In early January 2014, extreme weather caused by a so-called "polar vortex" gripped much of the United States, leading to record low temperatures from the Great Lakes to the Gulf of Mexico and affecting almost 200 million people.
For Agero, a provider of roadside assistance services to more than 75 million drivers, the polar vortex was more than an inconvenience - it was a real business challenge. The extreme weather affected millions of drivers at the same time, and Agero's call centers experienced their highest call volume in history, handling the number of calls usually received in a week in a single day.
"Extreme weather conditions have a huge impact on our business, especially cold weather. Frigid air causes electrochemical reactions in vehicle batteries that degrade their power. Combine that with icy roads and snow buildup and you not only have service needs for jumpstarts, but an increase in accidents in regions that rarely have to deal with such extreme winter weather and treacherous driving conditions," says Clay Nicolau, senior business systems analyst at Agero.
To prepare for future weather events like the "polar vortex," Agero leadership pushed the Program Management & Enabling Services team to come up with a way to reduce hold times while maintaining fast response times and fluid communication with customers. The answer was a web-based application built on Intuit QuickBase that allowed stranded drivers to request assistance by tapping through a simple online form.
Not only was the team able to deliver an app that met all necessary requirements - it was able to do so in just one day.
How it Works
Stranded drivers looking for assistance can simply pull out their smartphones and navigate to a page operated by Agero but branded to match the insurance or automotive company who offers the roadside assistance. From there, customers are redirected to a QuickBase form in which they can input the 1-800 number for their roadside assistance plan, and tap through a few quick fields to submit a help request. QuickBase automatically generates a "Locate" button that can map a mobile user's current location, giving Agero instant insight into where exactly the driver is stranded. These features, combined with automated mobile layouts in QuickBase, give the Agero app a level of customer experience that matches the company's exacting standards for phone calls.
"Our customers are usually in their cars, so if we're going to require a customer to go online they're going to have to be able to go via their mobile phone. The great thing about QuickBase is you just build that form once, and it automatically formats into a nice, single-column layout for your customer," says Nicolau.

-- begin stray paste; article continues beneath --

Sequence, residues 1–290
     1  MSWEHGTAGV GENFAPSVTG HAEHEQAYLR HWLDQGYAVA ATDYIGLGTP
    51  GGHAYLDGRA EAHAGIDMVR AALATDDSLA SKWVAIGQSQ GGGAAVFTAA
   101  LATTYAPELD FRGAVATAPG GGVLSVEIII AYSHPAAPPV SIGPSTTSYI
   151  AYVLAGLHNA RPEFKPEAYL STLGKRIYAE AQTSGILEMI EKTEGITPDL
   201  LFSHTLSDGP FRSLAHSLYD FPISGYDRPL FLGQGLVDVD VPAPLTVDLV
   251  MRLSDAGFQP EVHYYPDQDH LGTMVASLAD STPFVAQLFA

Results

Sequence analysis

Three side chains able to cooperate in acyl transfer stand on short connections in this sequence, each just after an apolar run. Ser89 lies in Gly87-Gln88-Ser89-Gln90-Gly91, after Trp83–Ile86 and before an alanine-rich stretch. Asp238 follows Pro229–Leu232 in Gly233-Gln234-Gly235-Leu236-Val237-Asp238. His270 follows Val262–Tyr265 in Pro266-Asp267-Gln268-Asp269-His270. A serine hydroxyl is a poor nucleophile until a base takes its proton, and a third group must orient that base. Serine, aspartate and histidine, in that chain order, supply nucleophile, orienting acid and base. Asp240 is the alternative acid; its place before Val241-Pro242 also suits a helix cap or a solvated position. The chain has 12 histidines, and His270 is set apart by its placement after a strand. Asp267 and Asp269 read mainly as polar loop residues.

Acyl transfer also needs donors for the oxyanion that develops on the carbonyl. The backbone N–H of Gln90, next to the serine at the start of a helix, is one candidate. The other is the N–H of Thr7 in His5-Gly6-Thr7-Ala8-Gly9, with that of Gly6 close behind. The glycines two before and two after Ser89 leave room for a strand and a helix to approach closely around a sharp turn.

To manage requests, Agero built a series of role-based dashboards that deliver key information to contact center associates, supervisors, and management and operations leads. Team leads can instantly see in a simple pie chart whether stranded drivers are safe or not, view the total number of requests by status, analyze the reasons for disablement, and map where the requests are coming in.
The app also includes built-in communications to keep stranded drivers informed of their wait times. After submitting their initial request, drivers receive an immediate email confirmation. Returning to the home page of the app, they get reminders of expected service times, plus notices about heavy volumes, extreme conditions, or other factors that might delay delivery of service.
"If we do get in one of those critical scenarios where we have extremely long hold times, we at least have a number of digital touch points with the customer so they know we are going to be there in their time of need," says Nicolau.
Agero solves problems through self-service, fast iteration
As a fast growing company - last year it dispatched more than 7 million service calls - Agero has to stay nimble to keep up with demand for solutions to business challenges. To enable fast solutions, Agero focuses on self-service, enabling business leaders to solve their own problems without cumbersome IT projects.
"None of us have enough IT resources to get everything done, so we try to empower the business side of the house to do more of their own development work," says Frank Klemovitch, director of Program Management & Enabling Services. "QuickBase is one example of how we're able to do that."
The team uses QuickBase to build applications that may be pilots, or designed temporary solutions, quickly and with minimal up-front investment. So far the team has developed over 100 QuickBase apps - of which around 40 are active at any given time.
Since the company began using QuickBase, Nicolau estimates it has saved $150,000 per year in reduced IT costs, and in 2013 helped generate $500,000 in unplanned revenues with a recall services application.
"As a product team we're always trying to streamline processes. The way we do that is to pilot different ideas and see what works, then implement those ideas across the company. Doing that within the IT organization can be costly, so QuickBase has been a good solution," says Nicolau.